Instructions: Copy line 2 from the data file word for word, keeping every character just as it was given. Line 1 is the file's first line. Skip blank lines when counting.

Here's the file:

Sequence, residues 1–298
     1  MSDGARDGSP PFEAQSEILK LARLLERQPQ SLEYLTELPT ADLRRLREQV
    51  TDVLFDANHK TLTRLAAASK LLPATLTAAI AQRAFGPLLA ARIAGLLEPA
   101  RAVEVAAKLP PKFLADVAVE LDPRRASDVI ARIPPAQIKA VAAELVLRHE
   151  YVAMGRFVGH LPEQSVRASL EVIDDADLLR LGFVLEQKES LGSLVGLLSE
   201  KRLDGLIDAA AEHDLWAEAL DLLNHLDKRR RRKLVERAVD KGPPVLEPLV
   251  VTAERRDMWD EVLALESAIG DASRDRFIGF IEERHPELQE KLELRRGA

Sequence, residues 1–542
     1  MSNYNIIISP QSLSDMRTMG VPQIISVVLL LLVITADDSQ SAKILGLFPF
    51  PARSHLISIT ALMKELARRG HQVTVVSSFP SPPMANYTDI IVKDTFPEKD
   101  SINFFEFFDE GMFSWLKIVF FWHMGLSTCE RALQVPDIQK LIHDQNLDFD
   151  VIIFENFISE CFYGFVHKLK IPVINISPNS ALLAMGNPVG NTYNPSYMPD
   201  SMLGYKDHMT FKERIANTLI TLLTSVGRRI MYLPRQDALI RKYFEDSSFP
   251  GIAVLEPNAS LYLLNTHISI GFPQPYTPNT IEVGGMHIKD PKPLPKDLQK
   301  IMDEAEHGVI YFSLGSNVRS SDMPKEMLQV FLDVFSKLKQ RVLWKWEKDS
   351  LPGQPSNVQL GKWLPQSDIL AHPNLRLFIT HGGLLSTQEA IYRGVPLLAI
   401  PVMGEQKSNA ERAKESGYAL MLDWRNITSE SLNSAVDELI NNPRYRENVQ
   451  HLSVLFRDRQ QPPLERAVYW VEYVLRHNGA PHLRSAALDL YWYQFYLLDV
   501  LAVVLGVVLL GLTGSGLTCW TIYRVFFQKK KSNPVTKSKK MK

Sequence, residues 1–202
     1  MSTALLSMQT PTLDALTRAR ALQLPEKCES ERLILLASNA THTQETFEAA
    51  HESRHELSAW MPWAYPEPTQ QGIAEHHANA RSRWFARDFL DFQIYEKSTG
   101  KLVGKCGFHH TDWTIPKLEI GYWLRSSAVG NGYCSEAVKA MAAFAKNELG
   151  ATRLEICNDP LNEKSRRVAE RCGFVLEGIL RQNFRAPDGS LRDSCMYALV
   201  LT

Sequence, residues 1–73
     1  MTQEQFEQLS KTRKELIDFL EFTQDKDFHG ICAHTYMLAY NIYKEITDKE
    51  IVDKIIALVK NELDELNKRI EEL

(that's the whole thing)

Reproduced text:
     1  MSDGARDGSP PFEAQSEILK LARLLERQPQ SLEYLTELPT ADLRRLREQV